Vol.XIV No.II Pg.8
April 1977

Stuff About Things

Robert F. Turner

Eastern New Mexico University, in Portales, is home of the Paleo Indian Institute, first of its kind devoted exclusively to studying the Palen Indians "who hunted extinct varieties of elephant, horse, bison and camel, more than 10,000 years ago in the New World" (so says the sign). Their work is highly respected in its field; so while in a Portales meeting, I visited their building and displays.

After an hour or two amidst hones, pottery and stone implements of that bygone civilization — and after reading all the claims of "finds" and the identification processes — one begins to look more closely for bits of evidence which may lie at our feet. I had walked not more than fifty feet from the museum when I noticed a peculiar eggish object in the grass of the campus. It was about the size of a "dollar" marble, mottled grey in color, but coated with a flaky white substance that made me think it had been buried in a caliche bed. It was a bit light for stone, and had a feel more of leather than of fossil. Hmmm!

Thinking it may have been dropped from the kit of some archeologist, I returned to the institute and asked Dr.______ to identify it. Magnifying glasses came out, lights went on, and various departmental workers gathered about to solve the mystery. One said it was a nut — I'm not sure if he referred to the object or its finder. Another said, no, it was a long-preserved egg, perhaps of a snake or turtle. "It is fossilized." "Absolutely not." "It is organic!" "It's a nut!"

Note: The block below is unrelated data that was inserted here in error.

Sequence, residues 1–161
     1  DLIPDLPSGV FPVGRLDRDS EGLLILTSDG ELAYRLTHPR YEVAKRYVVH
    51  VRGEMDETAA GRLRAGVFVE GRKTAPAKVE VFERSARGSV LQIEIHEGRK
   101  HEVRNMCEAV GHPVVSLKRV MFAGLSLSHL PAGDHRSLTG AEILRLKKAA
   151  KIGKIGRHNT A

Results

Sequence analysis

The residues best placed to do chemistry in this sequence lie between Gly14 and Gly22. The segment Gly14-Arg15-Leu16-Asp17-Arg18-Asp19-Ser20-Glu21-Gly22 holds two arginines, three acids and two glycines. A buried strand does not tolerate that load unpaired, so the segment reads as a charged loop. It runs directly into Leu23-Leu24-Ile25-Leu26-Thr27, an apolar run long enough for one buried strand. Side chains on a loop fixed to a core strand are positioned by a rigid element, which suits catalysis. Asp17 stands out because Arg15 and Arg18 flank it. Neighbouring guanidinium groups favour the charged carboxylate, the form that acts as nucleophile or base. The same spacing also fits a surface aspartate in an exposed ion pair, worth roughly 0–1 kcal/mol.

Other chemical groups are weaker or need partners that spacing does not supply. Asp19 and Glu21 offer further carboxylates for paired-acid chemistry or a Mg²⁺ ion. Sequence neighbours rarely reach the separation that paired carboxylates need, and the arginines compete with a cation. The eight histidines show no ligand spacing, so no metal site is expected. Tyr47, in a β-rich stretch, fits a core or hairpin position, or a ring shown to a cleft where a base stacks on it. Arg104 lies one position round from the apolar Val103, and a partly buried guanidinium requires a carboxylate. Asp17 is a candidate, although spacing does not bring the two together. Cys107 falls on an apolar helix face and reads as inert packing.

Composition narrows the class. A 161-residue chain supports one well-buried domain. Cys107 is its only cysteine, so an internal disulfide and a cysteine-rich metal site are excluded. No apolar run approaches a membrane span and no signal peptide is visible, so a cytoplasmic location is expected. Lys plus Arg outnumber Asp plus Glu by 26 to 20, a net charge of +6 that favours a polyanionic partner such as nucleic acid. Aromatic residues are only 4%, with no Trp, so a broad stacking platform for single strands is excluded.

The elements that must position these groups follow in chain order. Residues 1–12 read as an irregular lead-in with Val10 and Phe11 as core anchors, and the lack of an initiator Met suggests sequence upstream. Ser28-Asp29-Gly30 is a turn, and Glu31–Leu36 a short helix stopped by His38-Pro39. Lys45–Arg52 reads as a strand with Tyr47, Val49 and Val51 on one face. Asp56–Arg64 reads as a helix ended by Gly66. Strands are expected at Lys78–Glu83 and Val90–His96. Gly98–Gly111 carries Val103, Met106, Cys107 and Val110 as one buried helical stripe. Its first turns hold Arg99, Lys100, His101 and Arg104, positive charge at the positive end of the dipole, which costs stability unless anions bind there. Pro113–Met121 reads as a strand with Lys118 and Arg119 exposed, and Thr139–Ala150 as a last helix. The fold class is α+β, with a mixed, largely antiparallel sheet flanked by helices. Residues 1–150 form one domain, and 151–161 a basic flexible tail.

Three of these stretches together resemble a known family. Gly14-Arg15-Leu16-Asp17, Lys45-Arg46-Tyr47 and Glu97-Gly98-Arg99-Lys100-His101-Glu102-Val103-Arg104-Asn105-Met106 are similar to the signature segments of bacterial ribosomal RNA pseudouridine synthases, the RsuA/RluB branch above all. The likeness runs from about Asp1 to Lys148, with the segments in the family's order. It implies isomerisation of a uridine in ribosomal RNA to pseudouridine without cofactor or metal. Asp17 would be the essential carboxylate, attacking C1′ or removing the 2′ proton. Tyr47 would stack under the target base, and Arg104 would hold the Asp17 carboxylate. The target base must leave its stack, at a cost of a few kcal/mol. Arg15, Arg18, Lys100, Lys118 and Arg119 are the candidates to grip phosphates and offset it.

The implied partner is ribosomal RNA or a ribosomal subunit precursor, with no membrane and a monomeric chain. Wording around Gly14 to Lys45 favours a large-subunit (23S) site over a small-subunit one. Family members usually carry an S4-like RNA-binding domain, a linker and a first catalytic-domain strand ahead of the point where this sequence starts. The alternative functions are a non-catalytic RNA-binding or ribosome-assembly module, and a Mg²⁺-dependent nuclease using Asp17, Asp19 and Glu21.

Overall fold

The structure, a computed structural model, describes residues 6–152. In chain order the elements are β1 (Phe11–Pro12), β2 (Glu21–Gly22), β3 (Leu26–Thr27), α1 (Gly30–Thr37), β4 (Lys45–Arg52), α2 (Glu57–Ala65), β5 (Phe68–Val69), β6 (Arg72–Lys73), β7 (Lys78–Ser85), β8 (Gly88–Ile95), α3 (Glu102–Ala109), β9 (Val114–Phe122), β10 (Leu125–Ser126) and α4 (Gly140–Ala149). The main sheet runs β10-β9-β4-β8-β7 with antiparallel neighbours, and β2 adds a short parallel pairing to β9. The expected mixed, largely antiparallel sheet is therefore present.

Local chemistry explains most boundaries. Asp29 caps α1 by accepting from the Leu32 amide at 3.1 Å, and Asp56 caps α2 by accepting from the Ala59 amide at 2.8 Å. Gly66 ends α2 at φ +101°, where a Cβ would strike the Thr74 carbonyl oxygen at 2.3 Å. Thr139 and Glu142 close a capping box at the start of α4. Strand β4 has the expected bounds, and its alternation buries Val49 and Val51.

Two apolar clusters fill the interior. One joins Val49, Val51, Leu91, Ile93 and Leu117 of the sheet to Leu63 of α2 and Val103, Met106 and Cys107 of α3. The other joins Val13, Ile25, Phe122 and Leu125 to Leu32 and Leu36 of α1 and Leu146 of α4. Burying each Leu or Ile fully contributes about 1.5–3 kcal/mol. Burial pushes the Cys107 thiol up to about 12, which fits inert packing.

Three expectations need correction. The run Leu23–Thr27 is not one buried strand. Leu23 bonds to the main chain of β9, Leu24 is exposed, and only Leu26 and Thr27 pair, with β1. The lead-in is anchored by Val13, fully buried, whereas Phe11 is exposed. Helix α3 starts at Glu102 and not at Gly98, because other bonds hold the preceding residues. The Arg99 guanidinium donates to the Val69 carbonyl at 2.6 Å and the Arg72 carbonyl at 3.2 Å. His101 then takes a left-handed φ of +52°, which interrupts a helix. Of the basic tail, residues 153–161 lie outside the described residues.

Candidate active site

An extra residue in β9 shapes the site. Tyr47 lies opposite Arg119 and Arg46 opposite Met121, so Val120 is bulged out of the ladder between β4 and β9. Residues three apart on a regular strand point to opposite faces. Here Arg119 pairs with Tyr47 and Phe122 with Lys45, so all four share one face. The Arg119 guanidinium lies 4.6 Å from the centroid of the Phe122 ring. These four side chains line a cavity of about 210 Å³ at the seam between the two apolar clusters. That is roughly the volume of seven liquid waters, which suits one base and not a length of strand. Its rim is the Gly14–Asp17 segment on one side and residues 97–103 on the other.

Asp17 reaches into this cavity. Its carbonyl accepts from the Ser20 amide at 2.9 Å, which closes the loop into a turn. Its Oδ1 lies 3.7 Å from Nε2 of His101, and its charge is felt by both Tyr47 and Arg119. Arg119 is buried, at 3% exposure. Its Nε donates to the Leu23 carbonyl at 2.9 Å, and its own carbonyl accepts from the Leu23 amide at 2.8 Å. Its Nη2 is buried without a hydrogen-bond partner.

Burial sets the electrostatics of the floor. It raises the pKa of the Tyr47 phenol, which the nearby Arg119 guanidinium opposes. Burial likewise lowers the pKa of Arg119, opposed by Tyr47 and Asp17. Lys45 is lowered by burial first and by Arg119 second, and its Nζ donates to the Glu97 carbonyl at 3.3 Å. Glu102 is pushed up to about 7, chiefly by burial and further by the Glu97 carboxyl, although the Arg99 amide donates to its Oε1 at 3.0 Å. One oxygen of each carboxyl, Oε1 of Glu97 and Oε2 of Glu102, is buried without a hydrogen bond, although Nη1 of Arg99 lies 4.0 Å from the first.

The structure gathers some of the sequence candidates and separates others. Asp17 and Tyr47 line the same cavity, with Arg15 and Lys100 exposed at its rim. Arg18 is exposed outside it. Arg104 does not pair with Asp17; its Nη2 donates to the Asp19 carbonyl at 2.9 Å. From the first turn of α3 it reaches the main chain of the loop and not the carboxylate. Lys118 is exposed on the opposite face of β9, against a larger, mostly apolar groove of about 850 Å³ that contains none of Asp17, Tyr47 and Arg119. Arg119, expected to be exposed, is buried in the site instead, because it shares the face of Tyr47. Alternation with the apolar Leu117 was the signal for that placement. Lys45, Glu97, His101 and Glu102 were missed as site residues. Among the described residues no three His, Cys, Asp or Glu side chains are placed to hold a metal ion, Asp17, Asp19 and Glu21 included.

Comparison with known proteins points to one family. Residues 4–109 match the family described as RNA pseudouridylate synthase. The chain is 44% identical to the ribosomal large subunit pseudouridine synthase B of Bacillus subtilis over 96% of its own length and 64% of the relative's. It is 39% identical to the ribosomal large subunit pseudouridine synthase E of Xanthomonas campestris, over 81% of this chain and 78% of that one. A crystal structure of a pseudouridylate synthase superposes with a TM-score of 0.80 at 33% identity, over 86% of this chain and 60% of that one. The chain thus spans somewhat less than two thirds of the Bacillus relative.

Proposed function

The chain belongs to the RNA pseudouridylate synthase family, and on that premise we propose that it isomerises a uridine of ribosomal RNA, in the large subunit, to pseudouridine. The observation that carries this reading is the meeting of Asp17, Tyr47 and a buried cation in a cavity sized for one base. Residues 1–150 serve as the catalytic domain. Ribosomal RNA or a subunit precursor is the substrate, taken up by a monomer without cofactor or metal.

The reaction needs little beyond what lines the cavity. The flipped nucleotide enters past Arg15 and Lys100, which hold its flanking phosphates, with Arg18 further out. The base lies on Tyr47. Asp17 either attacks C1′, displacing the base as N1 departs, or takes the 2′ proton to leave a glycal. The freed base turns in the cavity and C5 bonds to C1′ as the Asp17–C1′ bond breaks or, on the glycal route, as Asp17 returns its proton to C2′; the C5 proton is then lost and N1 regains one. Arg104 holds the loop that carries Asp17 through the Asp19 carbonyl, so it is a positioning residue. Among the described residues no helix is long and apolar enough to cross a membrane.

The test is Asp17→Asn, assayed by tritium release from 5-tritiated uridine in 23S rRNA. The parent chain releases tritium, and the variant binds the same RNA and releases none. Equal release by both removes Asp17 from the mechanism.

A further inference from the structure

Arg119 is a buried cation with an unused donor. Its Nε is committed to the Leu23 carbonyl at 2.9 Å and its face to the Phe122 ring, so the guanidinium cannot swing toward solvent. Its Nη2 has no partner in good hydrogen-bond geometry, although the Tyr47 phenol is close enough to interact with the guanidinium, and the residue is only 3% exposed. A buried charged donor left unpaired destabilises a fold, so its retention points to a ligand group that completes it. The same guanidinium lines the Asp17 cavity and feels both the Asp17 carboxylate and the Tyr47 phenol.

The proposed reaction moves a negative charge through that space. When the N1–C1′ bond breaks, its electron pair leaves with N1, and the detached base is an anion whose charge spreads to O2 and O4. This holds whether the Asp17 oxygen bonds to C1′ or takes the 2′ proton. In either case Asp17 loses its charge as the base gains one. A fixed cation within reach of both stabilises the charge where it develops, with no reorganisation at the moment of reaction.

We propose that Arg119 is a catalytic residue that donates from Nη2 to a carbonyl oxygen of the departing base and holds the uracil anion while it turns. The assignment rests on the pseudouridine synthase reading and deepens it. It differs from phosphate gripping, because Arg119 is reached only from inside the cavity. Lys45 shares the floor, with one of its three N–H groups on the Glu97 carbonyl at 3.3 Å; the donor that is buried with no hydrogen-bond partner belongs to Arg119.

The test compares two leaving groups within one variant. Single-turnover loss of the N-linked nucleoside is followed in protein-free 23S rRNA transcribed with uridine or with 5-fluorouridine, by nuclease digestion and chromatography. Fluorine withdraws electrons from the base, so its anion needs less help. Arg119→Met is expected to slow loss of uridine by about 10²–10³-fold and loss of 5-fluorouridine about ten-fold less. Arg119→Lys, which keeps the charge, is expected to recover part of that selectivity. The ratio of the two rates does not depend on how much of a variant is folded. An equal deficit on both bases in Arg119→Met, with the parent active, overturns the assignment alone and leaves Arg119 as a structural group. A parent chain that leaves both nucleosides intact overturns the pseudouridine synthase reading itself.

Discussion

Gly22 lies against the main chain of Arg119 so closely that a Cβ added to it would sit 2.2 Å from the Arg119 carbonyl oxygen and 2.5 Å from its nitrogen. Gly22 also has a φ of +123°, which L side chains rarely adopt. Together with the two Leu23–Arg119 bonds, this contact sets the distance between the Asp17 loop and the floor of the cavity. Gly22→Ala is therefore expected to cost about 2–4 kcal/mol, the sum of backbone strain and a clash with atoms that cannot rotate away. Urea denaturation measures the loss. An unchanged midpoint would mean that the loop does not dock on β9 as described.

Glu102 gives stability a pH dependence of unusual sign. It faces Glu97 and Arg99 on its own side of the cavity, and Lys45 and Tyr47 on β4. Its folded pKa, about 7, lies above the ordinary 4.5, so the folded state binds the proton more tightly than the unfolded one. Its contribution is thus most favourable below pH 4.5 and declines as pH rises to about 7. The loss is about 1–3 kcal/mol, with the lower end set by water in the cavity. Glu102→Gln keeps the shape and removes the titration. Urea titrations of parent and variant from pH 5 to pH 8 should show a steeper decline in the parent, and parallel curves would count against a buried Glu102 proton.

Someone suggested taking it to Dr. _______, and after a reasonable wait the verdict from the other office was, "It is fossil." The first Dr. objected. "That is wrong — go tell them I said they were wrong." The office crew politely declined that assignment. Someone suggested the object be taken to Zoology, but that was immediately squelched. "Anthropology can handle this!" So, the search went on. Finally the object was taken to a lab. It was rubbed, pricked, and tested with acetone. Then the investigator raked it with his teeth, tasted, and laughed aloud. "It is candy," he said. "Someone got tired of a jawbreaker, and threw it into the grass." Moral? Well, the object is final authority, be it fossil or word of God. The student's guess, or wish, cuts little ice in determining truth.